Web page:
A midnight charge [from the times-dispatch, May 16, 1904.]And the death of General J. E. B. Stuart.
He proposed to advance on the enemy's Camp at Yellow Tavern.Made a Reconnoisance but found the Federal pickets wide awake.
[For account of death of General Stuart, see Southern Historical Society Papers, Vols. XXIX, p. 22; XXX, p. 236.]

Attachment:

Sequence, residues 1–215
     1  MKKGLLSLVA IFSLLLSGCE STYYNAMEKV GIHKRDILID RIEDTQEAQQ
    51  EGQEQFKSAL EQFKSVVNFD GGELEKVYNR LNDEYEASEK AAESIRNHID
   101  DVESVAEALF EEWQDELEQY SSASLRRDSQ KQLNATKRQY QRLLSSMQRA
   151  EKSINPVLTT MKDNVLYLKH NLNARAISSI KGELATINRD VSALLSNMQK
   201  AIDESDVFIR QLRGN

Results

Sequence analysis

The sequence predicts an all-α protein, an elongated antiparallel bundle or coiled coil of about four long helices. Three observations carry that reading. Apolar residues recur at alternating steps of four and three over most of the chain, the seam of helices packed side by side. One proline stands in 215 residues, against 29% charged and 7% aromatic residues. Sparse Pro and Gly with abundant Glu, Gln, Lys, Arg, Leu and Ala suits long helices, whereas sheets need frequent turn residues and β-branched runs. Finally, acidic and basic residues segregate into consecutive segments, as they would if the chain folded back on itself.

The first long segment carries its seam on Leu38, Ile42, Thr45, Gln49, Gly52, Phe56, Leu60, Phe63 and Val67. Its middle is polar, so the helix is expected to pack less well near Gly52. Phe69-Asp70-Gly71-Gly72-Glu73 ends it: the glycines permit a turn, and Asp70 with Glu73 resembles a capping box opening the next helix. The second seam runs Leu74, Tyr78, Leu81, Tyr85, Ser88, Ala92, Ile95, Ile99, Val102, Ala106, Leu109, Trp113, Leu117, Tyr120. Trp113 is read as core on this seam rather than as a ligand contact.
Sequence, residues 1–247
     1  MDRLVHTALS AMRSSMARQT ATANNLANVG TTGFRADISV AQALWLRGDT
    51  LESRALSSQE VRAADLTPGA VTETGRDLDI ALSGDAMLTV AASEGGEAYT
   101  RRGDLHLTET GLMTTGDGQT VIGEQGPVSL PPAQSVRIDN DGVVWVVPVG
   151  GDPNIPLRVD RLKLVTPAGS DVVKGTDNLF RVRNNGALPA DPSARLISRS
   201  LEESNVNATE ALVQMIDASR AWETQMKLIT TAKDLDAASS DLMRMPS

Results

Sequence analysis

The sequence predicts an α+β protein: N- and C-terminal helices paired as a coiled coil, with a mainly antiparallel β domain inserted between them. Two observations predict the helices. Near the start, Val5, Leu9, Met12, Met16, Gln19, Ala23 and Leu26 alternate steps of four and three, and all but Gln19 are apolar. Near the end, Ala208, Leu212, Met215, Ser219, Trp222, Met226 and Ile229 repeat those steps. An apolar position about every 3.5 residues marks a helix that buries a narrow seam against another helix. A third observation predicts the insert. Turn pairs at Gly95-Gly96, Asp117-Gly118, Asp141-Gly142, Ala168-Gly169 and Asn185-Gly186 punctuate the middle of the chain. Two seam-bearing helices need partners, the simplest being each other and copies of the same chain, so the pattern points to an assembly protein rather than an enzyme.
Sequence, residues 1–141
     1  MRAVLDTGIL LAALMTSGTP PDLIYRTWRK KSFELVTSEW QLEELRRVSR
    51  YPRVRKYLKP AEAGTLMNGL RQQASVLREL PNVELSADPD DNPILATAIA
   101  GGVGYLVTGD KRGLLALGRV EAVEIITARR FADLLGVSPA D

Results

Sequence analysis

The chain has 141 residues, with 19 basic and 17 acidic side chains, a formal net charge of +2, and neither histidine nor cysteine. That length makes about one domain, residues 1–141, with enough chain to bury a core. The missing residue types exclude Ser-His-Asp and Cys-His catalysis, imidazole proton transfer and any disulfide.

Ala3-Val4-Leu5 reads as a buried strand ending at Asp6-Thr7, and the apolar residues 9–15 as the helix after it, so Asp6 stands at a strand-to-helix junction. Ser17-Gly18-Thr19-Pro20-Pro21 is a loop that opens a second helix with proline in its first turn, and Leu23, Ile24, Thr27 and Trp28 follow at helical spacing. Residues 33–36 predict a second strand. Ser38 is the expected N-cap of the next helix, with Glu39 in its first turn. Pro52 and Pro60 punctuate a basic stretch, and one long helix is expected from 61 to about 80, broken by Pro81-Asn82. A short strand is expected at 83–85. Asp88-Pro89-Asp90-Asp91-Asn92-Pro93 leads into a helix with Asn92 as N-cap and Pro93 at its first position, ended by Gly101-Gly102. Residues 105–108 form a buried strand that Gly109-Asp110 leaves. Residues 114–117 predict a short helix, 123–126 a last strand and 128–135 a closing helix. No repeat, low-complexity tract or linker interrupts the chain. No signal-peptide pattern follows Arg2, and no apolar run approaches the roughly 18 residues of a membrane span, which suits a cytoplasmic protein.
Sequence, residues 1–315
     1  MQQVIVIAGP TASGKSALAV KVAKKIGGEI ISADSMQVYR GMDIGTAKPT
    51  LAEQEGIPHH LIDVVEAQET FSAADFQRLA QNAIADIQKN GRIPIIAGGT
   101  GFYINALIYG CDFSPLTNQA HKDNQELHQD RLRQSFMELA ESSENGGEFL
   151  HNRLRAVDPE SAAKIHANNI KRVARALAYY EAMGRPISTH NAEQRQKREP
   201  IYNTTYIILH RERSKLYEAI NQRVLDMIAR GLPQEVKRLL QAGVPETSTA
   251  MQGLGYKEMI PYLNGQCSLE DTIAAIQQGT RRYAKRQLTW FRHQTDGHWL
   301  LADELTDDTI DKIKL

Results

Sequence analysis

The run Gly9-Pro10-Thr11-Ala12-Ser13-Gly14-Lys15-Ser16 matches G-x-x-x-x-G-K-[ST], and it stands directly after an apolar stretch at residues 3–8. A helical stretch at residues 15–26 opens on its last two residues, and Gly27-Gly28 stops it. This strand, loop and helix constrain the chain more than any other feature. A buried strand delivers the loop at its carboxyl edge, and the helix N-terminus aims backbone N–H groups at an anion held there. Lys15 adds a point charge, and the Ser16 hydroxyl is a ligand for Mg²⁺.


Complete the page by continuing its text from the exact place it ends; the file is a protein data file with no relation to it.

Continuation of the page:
While the article following deals, in part, with the much controverted point as to how Jeb Stuart received his death wound, a far more interesting question is discussed by its author. That is, with respect to a charge Stuart desired to make upon the enemy's camp on the night, or morning, rather, preceding the battle of Yellow Tavern. The adventures of General Stuart made in a scout, designed to ‘locate’ the enemy, the cavalry sergeant describes as follows: I was a member of Company C, 1st Virginia cavalry, and will commence my story by relating what happened the night before the killing of Stuart. I will show that he expected the general engagement to come off the next day, and also that he knew the odds against him would be very heavy. The General conceived the idea of charging the enemy's camp that night. Our camps were not very far apart. About 12 o'clock at night, my captain, C. F. Jordan, came to me and waked me up and said that General Stuart had sent for me, and wanted me to report to him at once, mounted. I asked the captain what the general wanted. The captain said he did not know. As he wanted me to come mounted, I supposed he was going to send me off on a scout or wanted me to go with him to reconnoiter, as I had done before, so I was particular about loading my pistol and carbine with fresh cartridges. I reported to him as quickly as possible. As I rode up to his tent I could see him sitting in there by himself. He had a light. He could see no one else about, his horse was nearby. As I stepped in front of his tent, I said: ‘Here I am, General, ready for orders.’ He came  out, and said: ‘Sergeant, I want you with me to-night. I'm going to charge the enemy's camp.’ (He always addressed me as ‘Sergeant,’ as I was a sergeant in my company.) “Wait here and I will be ready directly to start.” He had notified all of the different commands to meet and form at a certain place. He very soon came out of his tent and mounted his horse, a very pretty gray or cream colored mare, which he prized very much. Some friend of his had made him a present of her. I was riding a fine gray horse myself, which I had recently bought. We started off and he went straight to where the command was already formed by fours. We took our positions at the head of it and he gave the command, ‘Forward,’ and off we started, all perfectly quiet, no one talking, as I suppose they had been ordered to keep quiet. Whether the men knew what the General's intentions were or not, I do not know. We had one piece of artillery with us, and after going a short distance across a field, then into a piece of woods a little distance, he halted the command and told them to remain there until he returned. He then said: ‘Sergeant, we will ride on.’ After going a little ways, he said: ‘I want to find a position to place that gun’ (meaning that piece of artillery). We had not gone over three or four hundred yards before we were halted by a picket. It was dark or getting so, and we did not see them until we were halted in twenty feet of them or nearer. I asked the General, in a very low tone, ‘If it was not our picket?’ We had come upon them so soon after starting. He said: ‘No, they are Yankees;’ and just as he replied, they fired a volley at us. Seven shots, we counted, successive shots, very close together, and we could see seven men. Our horses wheeled to the right into some bushes. They were badly frightened. The General said: ‘Sergeant, are you hurt?’ I replied: ‘No, sir; are you?’ ‘No,’ he said, ‘but I am afraid my horse is.’ I said ‘my horse does not jump like he was hurt, and we had then turned and were going back the way we came.’ The General said: ‘Sergeant, that firing has just spoiled my fun.’ We made a miraculous escape. They were so close to us, I suppose they were asleep, and did not hear us until we got right on them. I suppose it was near 2 o'clock then. We went back to the command. The General said: ‘We will wait where we are until day begins to break, and I will fire from here into their camp.’  The pickets were firing around their camp, and we could hear them giving orders. When day began to break, we could see them moving out, and the General commenced firing into their camp with that gun, as fast as possible, and it got away from there in a hurry. From that time on we had some skirmishing until the general engagement commenced, near Yellow Tavern. The General kept me busy that day carrying orders. It was the hardest and hottest day's work I ever did. It was one of the hardest fought battles during the mar. I was told by one of our commanding officers—one who was in a position to know—that we fought about five to one against us. We did not have over 1,500 men in action, if that number; about 2,200 or 2,300, all told. Fitz. Lee's division did the fighting. I did the hardest day's work and had more narrow escapes than I ever had on any battlefield during the war. I was in most of them. I was carrying orders for General Stuart the whole day in every direction across that battlefield, and came within a hair's breadth of being killed many times. General Stuart exposed himself very much. When I went with an order I always found him in a different place, when I returned to him. I saw no other courier, and never saw any of his staff with him, but always found him alone when I returned from carrying an order. When I was not carrying orders I was riding over the battlefield with him. He went over the field very frequently by himself, and exposed himself very much. The last order I took from him that evening was to General Wickham, my brigadier-general. On my return I found him alone, between 4 and 5 o'clock (nearer 5 I suppose, judging from the sun), some distance in front of the Baltimore Light Infantry. He dismounted with his right arm through his bridle rein, holding his glasses to his eyes with both hands, looking across a field at the edge of a piece of woods some distance off, a half or three quarters of a mile or more. I could see with the naked eye a body of men mounted near the woods, but could not tell what they were about. When I rode up to Stuart he took down his glasses and turned his head, and saw who it was. He said to me: ‘Sergeant, they are preparing yonder to charge this battery, and if I don't have a regiment mounted to meet them they will capture it. I want you to go and bring up the lead horses of the 1st regiment.’ I asked: ‘Where are they, General? I don't know where you  had them left.’ He pointed and said: ‘They are in a straight line from here, in this direction, about a mile off. Go as fast as your horse can carry you, and get them here as quick as possible. I will have the men to meet them.’ “I will have them up in a few minutes, General,” I replied. I turned my horse, and as I looked back I saw the General looking again through his glasses, with his right arm through his bridle rein. I set out at fill speed; and that was the last time I ever saw my beloved and gallant general. I went straight to the horses, without any trouble, and was not over three minutes in getting there. My horse was a good one and a fast one. I found the men that were holding the horses all mounted and the horses turned the right way, and I started them off at once, as fast as they could come back, in the same track that I went, and met the men coming to meet the horses, as the General told me he would have them meet them, about three hundred yards from where I left General Stuart, and I am sure I was not gone altogether over fifteen minutes. I left him by himself. He must have mounted his horse as soon as I left him and ridden to where the 1st regiment was in line of battle. I dismounted and ordered the men from the field to meet the horses, that they might mount and meet the enemy's charge, to save the Baltimore Light Artillery. That must have been the time when Mr. Oliver saw him riding alone through the woods towards them, and took his position between him and another Maryland man of Company K, of the 1st Virginia regiment of cavalry. He may have ordered all of the companies to meet the horses before he got there, as that company was on the extreme left, and when he got to Company K found it was too late to order them, and let them remain. The balance of the regiment certainly met the horses, and left the field before the General was shot. I was riding at the head of the regiment of led horses, Company C, being in front, when we met the men. The men had just about finished mounting and were ready to make the charge and I expected to see General Stuart ride up every second. I intended to join him, but General Fitz Lee rode up right in front of me and said: ‘It is too late to charge now. The enemy have made the charge and captured the Baltimore Light Artillery, and General Stuart has been shot. I am am afraid mortally wounded.’ The men called out, some of them, ‘For God's sake, General, let us charge them, anyhow.’ ‘No, it is too late,’ General Fitz Lee  replied, ‘we are going to retreat now, and I want the regiment to cover our retreat.’ I never saw such a distressed looking body of men in my life as they looked to be, many of them shedding tears when they heard our gallant General had been shot, and the first they knew of his being shot, was when General Fitz Lee told them with tears in his eyes. He knew too well what a shock such sad news would be to the Old First. He knew what the men thought of Stuart, and what their beloved General thought of them. The regiment was General Stuart's old regiment. He was their first colonel. He drilled them thoroughly on foot and on horseback. I suppose it was one of the best drilled regiments in the whole cavalry service, if not the best. He endeared himself to his men, and the men endeared themselves to him. The First did cover the retreat and fought all night, holding the enemy in check until we got to Mechanicsville the next morning. There we met the enemy again and defeated them. Mr. Oliver's statement, I have no doubt-or part of it — is correct, the part about his own Company K. The other companies could easily have been ordered from the field to meet the horses, without his knowing it, as he was stationed in the extreme left and probably not in sight. Mr. Dorsey's statement also, I have no doubt, is correct; both could easily be to my mind. I knew Company K, and I know General Stuart thought very highly of it. It was a gallant command and I know it had a high regard for our beloved General Stuart. These statements of Mr. Oliver's and Mr. Dorsey's, I Saw in the issues of October 23, 1903, of the Baltimore Sun. General Stuart was no doubt seen giving orders to the First Virginia Cavalry in line of battle to go to meet their horses, to mount and make a charge, to save the Baltimore Artillery. He did not get mounted in time to make the charge. That action of General Stuart's may have been mistaken by others for rallying his men to charge to save the Baltimore Artillery. These statements are absolutely correct, and can be substantiated. My captain, C. F. Jordan, will confirm many of-them. There has been so many differences of opinion as to how Stuart was mortally wounded, and how he happened to be where he was, at the time he was shot, I, being in a position to know something about it, have made these statements.